I suffer from deep purple bruises on my arms that appear every time I trip over something. I have some health problems: chronic lymphocytic leukemia, psoriatic arthritis, and other minor things, and I’m also taking quite a few different medications, but what can I do about these ugly marks?
Bruises can be a problem as people age. These marks form when very small blood vessels known as capillaries near the surface of the skin are damaged, allowing blood to leak out. They change color and gradually disappear as the blood cells are reabsorbed.
As we age and skin gets thinner, these capillaries have less protection, so even minor bumps can cause some pretty dramatic bruising.
Many medications make bruises worse; these include drugs that thin the blood or prevent clotting, often given for very common heart conditions, in this case clopidogrel, which is an anticoagulant drug.
Today’s reader has asked Dr. ELLIE CANNON for help regarding the constant bruising that arises every time she bumps into something, image posed by model.
Chronic lymphocytic leukemia is a type of blood cancer, the most common type of leukemia in the elderly.
One of the signs of this disease is bruising, because the blood cells are disordered.
Addressing this can be tricky – medication will clearly be essential, so you need to continue. However, there are some steps that can help mitigate the problem.
Wearing long sleeves can help protect your skin, which is easier in winter.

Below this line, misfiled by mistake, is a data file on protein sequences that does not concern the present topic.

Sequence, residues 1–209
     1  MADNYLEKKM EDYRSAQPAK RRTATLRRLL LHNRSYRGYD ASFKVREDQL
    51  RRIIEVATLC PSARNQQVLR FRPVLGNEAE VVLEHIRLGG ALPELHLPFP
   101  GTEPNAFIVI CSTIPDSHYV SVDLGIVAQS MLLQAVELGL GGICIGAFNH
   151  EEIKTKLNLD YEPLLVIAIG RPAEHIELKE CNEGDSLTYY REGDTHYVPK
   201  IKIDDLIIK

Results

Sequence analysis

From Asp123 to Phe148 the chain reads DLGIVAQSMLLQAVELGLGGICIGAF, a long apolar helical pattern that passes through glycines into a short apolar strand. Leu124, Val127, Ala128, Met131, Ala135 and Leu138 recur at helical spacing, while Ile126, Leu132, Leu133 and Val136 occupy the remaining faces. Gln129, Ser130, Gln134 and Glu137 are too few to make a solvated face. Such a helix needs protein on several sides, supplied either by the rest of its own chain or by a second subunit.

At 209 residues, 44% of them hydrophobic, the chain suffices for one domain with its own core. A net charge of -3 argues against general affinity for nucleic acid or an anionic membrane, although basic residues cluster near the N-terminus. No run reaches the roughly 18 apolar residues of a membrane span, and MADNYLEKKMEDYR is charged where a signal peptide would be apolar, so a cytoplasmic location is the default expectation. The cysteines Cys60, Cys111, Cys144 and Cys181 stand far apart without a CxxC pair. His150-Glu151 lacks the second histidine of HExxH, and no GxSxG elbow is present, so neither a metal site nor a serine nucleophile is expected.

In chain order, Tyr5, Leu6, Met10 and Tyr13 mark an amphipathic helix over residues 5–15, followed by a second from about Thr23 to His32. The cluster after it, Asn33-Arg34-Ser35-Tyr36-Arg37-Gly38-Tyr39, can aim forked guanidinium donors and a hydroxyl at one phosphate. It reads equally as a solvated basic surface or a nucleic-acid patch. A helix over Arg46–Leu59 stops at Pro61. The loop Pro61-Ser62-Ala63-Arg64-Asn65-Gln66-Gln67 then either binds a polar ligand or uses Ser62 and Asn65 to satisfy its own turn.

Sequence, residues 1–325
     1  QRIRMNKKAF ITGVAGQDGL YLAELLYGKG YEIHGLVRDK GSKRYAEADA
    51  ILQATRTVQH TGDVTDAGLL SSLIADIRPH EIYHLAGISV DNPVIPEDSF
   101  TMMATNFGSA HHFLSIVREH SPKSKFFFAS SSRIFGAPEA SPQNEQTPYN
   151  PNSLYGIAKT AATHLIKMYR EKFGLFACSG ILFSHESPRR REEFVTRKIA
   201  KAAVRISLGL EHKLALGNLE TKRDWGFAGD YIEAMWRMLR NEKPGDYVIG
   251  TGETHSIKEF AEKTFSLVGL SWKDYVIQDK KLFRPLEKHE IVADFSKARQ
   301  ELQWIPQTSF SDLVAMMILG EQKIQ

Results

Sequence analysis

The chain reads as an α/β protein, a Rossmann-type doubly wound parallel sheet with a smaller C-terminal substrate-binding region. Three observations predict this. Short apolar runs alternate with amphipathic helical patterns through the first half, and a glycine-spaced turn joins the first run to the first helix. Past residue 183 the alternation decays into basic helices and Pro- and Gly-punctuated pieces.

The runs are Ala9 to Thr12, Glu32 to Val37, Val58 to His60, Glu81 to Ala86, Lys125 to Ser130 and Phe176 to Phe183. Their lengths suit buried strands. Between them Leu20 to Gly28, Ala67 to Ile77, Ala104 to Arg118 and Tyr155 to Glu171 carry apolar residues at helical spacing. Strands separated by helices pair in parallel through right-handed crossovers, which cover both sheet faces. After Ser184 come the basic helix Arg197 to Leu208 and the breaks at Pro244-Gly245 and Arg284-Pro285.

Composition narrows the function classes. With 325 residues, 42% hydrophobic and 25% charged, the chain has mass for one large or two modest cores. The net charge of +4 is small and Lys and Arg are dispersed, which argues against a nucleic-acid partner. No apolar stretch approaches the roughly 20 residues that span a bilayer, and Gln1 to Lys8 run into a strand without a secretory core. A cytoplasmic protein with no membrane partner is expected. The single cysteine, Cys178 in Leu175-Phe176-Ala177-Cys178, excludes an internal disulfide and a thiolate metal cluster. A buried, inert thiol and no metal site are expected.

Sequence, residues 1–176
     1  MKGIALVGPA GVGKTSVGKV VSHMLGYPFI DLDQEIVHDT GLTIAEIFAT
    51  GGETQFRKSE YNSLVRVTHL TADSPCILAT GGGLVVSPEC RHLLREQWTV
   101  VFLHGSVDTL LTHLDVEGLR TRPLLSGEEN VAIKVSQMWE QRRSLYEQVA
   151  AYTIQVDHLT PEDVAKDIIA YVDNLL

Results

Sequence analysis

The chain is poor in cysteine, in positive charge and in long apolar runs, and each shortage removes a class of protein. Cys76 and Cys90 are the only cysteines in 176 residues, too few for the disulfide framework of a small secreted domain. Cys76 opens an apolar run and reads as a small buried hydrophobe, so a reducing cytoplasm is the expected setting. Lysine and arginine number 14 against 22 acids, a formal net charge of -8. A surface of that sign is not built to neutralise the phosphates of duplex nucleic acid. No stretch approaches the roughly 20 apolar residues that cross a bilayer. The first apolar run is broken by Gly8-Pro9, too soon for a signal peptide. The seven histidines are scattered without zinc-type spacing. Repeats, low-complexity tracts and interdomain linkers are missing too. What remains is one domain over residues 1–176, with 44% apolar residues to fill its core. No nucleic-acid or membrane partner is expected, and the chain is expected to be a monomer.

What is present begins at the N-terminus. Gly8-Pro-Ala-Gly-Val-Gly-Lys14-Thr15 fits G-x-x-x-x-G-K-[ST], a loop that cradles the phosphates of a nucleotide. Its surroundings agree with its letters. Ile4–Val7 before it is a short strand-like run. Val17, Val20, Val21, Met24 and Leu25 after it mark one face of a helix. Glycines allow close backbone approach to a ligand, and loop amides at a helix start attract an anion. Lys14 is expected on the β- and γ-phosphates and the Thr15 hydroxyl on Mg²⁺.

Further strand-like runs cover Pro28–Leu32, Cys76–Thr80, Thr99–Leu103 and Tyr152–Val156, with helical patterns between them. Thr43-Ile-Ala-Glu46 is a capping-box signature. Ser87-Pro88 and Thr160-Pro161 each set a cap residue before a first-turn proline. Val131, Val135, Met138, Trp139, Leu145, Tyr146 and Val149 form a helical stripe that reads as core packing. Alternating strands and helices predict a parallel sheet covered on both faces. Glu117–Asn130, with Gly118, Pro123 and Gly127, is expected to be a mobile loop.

Making sure the diet is as nutritious as possible can help. Sometimes as people get older they lose their appetite, so it’s vital to look for things that are tasty and appealing, whatever they are. It’s all about getting the calories, in these cases.
Serious bruises may heal faster if you apply a cold pack for 20 minutes as soon as you are injured.
I am a healthy and fit 54 year old woman, but earlier this year I was diagnosed with an anterior prolapse. The doctor said that he went through menopause, and there is nothing that can be done except pelvic floor exercises, which I do. It is very uncomfortable, and I am aware of it every day. It is also affecting intimacy. I would appreciate any help or advice.
Inside a woman’s pelvis, the organs are close together: the rectum is next to the vagina, which in turn is next to the bladder. Everything is held together firmly in the scaffolding of the pelvic floor muscles.
More from Dr. Ellie Cannon for The Mail on Sunday…
If something weakens these muscles, such as pregnancy, menopause, or age, the organs remain looser than before. This risks a prolapse occurring.
An anterior prolapse is when the bladder protrudes into the front wall of the vagina. This can cause discomfort, especially during intercourse, and trouble urinating. Patients often describe a feeling of pressure or dragging within the pelvis.
Pelvic floor exercises, which involve tensing and relaxing the muscles to make them stronger, are an initial treatment. They are not easy to do and they are more than just a squeeze from time to time. In fact, pelvic floor exercises should be done like any exercise regimen, regularly and following the proper instructions. In some areas, women may be referred on the NHS to women’s health physiotherapy to work on these exercises appropriately.
Ideally, a woman with prolapse should be recommended a 16-week program of supervised pelvic floor muscle training that she can then continue at home.
Estrogen creams, a type of HRT used as a cream inside the vagina, are also known to improve symptoms.